Start small and then ratchet up the difficulty of an old-school upper-body exercise: pushups.
April Calderon recently pumped out 61 pushups in 60 seconds while balancing precariously on three medicine balls, a feat that has been submitted to Guinness World Records.
The key is "great balance, mental toughness, and lots and lots of practice," said Calderon, a general manager for three Anytime Fitness gyms in central Florida. "But I'm really sick of pushups right now."
Pushups, one of the best measures of upper-body fitness, are worth the pain. Traditionally, they're done while in a horizontal position -- hands and feet on the floor. But pushups, like many body-weight exercises, can also be made more or less challenging.
"They're a true resistance and core exercise," said Michele Olson, research director of the Auburn University Human Performance Laboratory in Montgomery, Ala. "They work every single muscle that you can name in your upper body."
In addition to the triceps and chest, research shows pushups also recruit the shoulder muscles, biceps and abdominals, Olson said.
In addition to resistance training, pushups are used to rehabilitate the upper body after injuries because they can activate the muscles that stabilize the shoulder blade and the shoulder joint, said David Suprak, an assistant professor of kinesiology at Western Washington University.
Calderon started with traditional pushups, progressed to an unstable surface -- a rubber dome mounted on a platform called a BOSU -- and then learned to balance on the three balls.
Unless you're trying to break a record, do pushups slowly and with control. More benefits come from fewer reps with good form than from cranking out as many as possible.
Start in a plank position with your body in a straight line and your hands just slightly more than shoulder-width apart. Tighten the abs as if bracing for a punch and slowly lower the chest toward the ground. Aiming at a target can help get the chest close to the floor, Olson said. Keep the stomach off the mat and the back straight. Narrower hand placement benefits the triceps and the chest.
Elevating the feet makes the pushup harder. Use a low bench or a stair, which is about 5 inches tall, Olson said.
Pushup with knees down
The more parallel your body is to the ground, the harder this exercise is. Beginners can start on their hands and knees; this position trains important shoulder stabilizers and lowers the stress on the lower back and the joints themselves.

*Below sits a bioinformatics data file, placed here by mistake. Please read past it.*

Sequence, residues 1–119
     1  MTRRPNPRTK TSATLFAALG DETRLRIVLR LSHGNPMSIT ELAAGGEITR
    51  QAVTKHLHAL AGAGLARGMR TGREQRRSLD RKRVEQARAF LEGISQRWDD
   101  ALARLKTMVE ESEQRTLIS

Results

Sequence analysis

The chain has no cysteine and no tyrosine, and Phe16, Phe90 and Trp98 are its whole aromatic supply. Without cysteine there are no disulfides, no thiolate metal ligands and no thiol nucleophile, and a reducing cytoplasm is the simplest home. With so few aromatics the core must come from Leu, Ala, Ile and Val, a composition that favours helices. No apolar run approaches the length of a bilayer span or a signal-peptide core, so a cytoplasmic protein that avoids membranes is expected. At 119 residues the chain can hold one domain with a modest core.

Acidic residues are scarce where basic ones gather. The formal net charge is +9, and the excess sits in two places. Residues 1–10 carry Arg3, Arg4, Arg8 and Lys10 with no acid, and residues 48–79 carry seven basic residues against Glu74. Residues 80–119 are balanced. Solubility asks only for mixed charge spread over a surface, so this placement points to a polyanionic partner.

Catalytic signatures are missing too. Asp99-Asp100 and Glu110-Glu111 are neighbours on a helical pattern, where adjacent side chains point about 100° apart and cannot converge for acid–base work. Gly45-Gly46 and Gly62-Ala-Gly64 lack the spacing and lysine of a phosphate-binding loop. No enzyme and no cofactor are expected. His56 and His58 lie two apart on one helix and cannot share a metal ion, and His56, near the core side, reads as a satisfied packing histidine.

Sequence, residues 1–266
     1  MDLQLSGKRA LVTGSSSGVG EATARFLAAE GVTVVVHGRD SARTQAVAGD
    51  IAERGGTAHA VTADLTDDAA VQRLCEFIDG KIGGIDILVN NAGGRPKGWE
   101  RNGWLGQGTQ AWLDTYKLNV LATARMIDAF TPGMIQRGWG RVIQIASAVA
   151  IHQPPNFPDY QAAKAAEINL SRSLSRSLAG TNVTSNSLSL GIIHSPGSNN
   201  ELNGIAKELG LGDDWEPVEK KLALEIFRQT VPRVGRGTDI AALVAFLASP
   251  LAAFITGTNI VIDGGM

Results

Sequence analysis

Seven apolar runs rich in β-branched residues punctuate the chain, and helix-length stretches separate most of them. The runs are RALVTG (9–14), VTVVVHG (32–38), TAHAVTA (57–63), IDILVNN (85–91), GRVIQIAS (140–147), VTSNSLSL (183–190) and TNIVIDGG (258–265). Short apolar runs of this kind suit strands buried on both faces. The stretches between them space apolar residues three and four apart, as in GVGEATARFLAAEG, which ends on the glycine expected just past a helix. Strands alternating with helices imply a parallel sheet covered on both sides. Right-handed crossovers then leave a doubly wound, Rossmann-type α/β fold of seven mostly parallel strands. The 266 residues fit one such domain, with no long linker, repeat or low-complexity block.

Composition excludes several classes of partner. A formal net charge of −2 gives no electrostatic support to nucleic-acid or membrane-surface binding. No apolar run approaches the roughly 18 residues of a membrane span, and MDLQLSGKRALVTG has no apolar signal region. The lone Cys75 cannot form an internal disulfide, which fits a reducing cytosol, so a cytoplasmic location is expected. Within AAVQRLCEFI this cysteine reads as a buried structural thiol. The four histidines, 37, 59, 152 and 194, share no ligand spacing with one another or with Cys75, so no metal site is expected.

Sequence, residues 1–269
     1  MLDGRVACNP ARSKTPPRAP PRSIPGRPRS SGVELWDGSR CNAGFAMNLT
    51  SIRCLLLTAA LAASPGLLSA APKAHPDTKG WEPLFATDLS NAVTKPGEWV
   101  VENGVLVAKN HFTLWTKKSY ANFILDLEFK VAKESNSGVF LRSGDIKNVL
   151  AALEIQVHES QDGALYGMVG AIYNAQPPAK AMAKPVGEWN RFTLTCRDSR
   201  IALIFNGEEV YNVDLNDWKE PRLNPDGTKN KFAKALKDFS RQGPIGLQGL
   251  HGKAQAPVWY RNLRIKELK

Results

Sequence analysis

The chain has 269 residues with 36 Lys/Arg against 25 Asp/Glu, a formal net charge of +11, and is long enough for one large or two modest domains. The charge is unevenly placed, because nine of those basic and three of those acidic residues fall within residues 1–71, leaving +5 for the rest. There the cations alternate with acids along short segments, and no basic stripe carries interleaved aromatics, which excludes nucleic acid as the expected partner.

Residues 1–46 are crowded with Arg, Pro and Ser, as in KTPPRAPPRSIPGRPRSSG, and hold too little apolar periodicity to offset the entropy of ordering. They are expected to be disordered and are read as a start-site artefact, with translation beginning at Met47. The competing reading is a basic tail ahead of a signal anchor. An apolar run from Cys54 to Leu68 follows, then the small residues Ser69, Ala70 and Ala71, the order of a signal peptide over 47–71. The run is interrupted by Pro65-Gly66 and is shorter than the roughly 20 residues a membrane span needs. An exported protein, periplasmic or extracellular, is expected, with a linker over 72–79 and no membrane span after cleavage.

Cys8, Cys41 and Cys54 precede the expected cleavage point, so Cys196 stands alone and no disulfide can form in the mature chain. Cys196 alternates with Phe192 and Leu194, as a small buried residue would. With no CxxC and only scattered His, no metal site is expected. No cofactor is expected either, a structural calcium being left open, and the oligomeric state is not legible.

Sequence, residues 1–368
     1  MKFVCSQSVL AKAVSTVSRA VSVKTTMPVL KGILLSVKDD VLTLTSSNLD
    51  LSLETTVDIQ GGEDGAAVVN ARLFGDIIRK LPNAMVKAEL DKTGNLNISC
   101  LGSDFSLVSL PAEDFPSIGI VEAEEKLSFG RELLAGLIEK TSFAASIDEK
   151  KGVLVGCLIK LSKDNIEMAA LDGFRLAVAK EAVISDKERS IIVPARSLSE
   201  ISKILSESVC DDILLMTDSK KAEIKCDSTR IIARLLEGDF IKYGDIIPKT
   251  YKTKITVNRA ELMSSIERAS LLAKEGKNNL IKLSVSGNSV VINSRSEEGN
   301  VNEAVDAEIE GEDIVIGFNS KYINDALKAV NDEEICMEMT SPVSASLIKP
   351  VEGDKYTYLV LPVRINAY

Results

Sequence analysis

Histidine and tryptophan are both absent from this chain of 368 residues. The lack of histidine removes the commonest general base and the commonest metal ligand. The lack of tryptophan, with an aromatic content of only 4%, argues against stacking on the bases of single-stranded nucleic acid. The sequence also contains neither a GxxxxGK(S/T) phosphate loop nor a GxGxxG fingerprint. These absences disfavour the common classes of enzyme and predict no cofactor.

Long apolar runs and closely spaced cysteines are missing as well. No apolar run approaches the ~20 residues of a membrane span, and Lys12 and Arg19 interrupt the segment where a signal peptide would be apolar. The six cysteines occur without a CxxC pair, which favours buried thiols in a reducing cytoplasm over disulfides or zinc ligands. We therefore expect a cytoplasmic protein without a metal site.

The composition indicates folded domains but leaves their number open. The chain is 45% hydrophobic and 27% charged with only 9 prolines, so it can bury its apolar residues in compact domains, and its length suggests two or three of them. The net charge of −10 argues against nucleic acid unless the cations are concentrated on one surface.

Place your palms against a wall, slightly wider than your shoulders with the fingertips pointing up. Back your feet away from the wall, about 20 inches. Lean forward, bending your elbows until your nose nearly touches the wall. Push back out to start. To make it harder, place your hands on a lower surface, such as the edge of a desk.
Find a weight bench, or if you're outside, use a park bench. Place your hands on the bench and your feet on the ground. Lower your chest to the bench and push back up.
Minus a limb
Using a single limb -- one hand or foot -- instead of two, can increase the difficulty. Ground your right foot, stack the left foot on top of the right and lower down. Or, keep both feet on the ground and just use one hand. Be cautious. "A one-handed type of pushup causes a tendency to rotate around the lumbar spine," Suprak said. "There's a torque causing rotation of the body, and you're trying to stabilize." That can cause increased stress in the disks between the vertebrae, he said.
Medicine balls, stability balls, basketballs and BOSUs can all be used to decrease stability, working more muscles. Pausing at the beginning, end or middle of a movement will make it even harder. Some research shows unstable surfaces may increase the activation of the muscles that stabilize the shoulders, but studies are inconclusive. Wobbly surfaces will, however, definitely increase trunk stabilization, Suprak said. And the chest can drop lower than normal if you're on three balls, so be cautious about going deeper, Olson said.
Calderon sets up for medicine ball pushups by putting each hand on a ball. "Then it's one foot at a time until I'm stable," said Calderon, who is aiming for a new record: pushups using just two medicine balls.